“There are no palm trees. It looks like a typical Caribbean restaurant. Like home, not the beach,” says Petra Laptiste, a Canadian of Caribbean descent, describing her favorite Caribbean restaurant in Tokyo, JamRock (1-21-15 Jingumae, Shibuya-ku, Tokyo; 03-3478-2364; www.jamrockcafeonline.com).
JamRock doesn’t peddle hackneyed images of Caribbean life (no Bob Marley posters on the wall); it specializes in authentic, home-style Jamaican cooking. Case in point: The most popular item on the menu isn’t that tourist favorite, jerk chicken; it’s oxtail and butter beans.
Jamaican expat Yvonne Goldson opened JamRock in 2010, after retiring from her job as a legal secretary (she’s been in Tokyo for 17 years). The menu, she explains, is a list of “all the things I eat.” It includes ackee and salt fish (ackee is Jamaica’s national fruit; the salt fish is dried codfish) and ital stew (a rich and creamy vegetarian stew made with coconut milk). Her personal favorite — if she absolutely has to choose — is escoveitch fish (fried fish pickled in vinegar and spices).
Laptiste, on the other hand, adores the mango chicken. Another authentic Caribbean taste not to be missed, she says, is the sorrel juice, made from a plant similar to hibiscus and spiked with cinnamon and cloves.
JamRock also serves a curious Jamaican cocktail called Tan Up, a combination of Guinness, carrot juice, rum and condensed milk (“tan up” is Jamaican patois for “stand up”; it’s a drink for, err, men). According to Goldson, Guinness is considered a health tonic in Jamaica. Who knew?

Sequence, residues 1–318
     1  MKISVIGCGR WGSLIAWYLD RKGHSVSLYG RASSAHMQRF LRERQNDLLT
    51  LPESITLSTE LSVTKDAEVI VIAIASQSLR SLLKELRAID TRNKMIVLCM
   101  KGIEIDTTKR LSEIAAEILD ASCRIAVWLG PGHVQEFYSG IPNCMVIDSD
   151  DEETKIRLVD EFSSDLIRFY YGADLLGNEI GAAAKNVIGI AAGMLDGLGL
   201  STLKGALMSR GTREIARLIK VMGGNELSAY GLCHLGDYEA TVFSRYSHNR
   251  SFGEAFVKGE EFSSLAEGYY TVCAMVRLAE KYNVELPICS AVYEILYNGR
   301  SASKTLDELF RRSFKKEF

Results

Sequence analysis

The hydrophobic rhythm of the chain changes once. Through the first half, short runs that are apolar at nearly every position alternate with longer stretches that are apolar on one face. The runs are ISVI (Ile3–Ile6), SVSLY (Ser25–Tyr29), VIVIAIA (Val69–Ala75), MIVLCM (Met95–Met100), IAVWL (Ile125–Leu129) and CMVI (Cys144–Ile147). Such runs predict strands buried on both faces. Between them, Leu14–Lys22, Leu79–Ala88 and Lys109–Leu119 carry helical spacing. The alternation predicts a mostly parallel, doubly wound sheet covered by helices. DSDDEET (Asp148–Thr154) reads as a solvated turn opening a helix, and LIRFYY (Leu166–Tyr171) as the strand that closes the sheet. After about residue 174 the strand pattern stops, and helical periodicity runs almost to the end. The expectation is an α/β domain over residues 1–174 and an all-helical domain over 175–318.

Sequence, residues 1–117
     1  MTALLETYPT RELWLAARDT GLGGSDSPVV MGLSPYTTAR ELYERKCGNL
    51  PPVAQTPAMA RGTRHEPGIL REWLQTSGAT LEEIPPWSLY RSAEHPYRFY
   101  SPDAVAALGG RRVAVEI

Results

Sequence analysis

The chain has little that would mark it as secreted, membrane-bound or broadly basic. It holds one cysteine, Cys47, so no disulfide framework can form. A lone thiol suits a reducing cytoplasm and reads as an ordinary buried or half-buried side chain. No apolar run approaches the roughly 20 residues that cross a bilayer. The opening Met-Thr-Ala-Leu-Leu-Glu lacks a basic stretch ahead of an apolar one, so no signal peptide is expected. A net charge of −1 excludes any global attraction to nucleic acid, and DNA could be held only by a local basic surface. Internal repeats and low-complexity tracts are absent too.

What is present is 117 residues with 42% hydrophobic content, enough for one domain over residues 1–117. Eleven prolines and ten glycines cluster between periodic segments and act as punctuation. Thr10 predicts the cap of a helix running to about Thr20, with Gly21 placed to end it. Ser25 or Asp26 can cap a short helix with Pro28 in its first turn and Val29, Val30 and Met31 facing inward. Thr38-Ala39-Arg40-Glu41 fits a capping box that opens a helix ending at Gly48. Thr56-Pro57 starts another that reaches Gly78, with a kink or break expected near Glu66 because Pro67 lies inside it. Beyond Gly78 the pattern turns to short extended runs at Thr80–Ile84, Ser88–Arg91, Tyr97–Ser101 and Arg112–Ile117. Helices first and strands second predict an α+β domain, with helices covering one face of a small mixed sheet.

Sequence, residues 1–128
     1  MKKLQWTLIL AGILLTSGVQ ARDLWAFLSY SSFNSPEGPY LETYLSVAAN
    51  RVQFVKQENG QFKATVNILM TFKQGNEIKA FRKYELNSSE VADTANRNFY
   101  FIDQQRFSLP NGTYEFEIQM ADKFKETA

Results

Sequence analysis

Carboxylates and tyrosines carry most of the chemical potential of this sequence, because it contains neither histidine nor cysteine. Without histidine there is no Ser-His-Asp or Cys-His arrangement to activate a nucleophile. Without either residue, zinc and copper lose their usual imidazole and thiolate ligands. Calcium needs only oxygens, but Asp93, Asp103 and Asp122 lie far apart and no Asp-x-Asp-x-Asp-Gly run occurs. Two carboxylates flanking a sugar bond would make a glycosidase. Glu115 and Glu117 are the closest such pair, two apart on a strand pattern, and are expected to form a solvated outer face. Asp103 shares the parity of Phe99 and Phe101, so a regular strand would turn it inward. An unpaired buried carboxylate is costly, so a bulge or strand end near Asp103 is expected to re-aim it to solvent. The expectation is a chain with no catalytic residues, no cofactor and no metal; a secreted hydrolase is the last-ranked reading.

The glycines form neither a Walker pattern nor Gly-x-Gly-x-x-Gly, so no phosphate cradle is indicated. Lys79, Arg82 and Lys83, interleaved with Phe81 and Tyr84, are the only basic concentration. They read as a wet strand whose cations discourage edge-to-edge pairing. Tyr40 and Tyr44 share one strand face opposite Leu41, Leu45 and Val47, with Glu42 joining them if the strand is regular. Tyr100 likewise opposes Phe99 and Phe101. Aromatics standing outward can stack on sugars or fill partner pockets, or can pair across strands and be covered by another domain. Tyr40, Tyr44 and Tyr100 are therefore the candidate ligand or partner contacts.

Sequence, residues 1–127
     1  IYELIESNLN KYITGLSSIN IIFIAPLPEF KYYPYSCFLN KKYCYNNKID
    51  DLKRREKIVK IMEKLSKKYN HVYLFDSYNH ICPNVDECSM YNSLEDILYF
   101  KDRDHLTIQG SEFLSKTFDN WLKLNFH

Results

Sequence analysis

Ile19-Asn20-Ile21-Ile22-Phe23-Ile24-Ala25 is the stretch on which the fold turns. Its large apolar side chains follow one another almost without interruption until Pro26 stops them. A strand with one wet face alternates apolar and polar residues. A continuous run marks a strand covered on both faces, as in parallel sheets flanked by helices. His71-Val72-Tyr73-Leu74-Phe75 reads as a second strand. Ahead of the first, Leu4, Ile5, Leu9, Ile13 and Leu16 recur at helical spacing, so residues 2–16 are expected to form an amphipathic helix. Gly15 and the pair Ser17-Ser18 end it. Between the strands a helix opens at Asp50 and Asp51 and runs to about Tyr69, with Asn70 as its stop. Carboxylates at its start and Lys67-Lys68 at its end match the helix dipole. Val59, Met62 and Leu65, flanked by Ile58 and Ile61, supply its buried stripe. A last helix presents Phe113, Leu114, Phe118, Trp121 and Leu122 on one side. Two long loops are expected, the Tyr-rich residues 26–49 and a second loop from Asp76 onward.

Everything at JamRock is cooked fresh to order. All the spices employed in the tiny kitchen are imported, even though many — such as thyme — are available in Japan, as Goldson insists they’re not the same. “The thyme in Japan is weak,” she says. “In Jamaica you can smell thyme from a mile away. You could follow your nose to the market.”
While JamRock is “home” for Laptiste, she also recommends Aalawi (1-26-13 Ebisu, Shibuya-ku, Tokyo; 03-5793-5027). “It’s run by a Japanese guy who lived in Jamaica and brought back the food,” she explains.
Aalawi is a popular, lively place dishing up many of the same classic Jamaican dishes as JamRock. It also has an amazing summer special of grilled corn topped with lime, cayenne pepper and Parmesan cheese.
Laptiste, who runs Carifrique, an agency that promotes Caribbean culture in Japan, also hosts cooking classes specializing in dishes from Trinidad and Tobago (for more information, visit www.carifrique.com/caribbean-cooking-lessons) Naturally, she can tell me where to find plantains, the “cooking bananas” ubiquitous in Caribbean cuisine. Nozawaya (4-7-8 Ueno, Taito-ku, Tokyo; 03-3833-5212) in the basement of the Ameyoko Center Building — that slice-of-brie-shaped structure in the middle of Ueno’s famous market — usually has them. Call ahead to check; ask for Sato Katsuharu, who speaks English and Spanish. Also, Demiko (www.demiko.com) ships them by the carton to anywhere in Japan.
And if you’re wondering where to get oxtail, Goldson gets hers (along with goat for curries) from Pakistani market Al-Flah (Ohnoya Bldg. 4F, 2-41-2 Ikebukuro, Toshima-ku, Tokyo; 03-3985-9784; www.al-flah.com). Recently, she notes, the Ikebukuro branch of Hanamasa (3-9-5 Nishi-Ikebukuro, Toshima-ku, Tokyo; 03-5951-2941; www.hanamasa.co.jp) has started carrying it, too.
Rebecca Milner is a freelance writer in Tokyo and coauthor of Lonely Planet’s travel guides to Tokyo and Japan.
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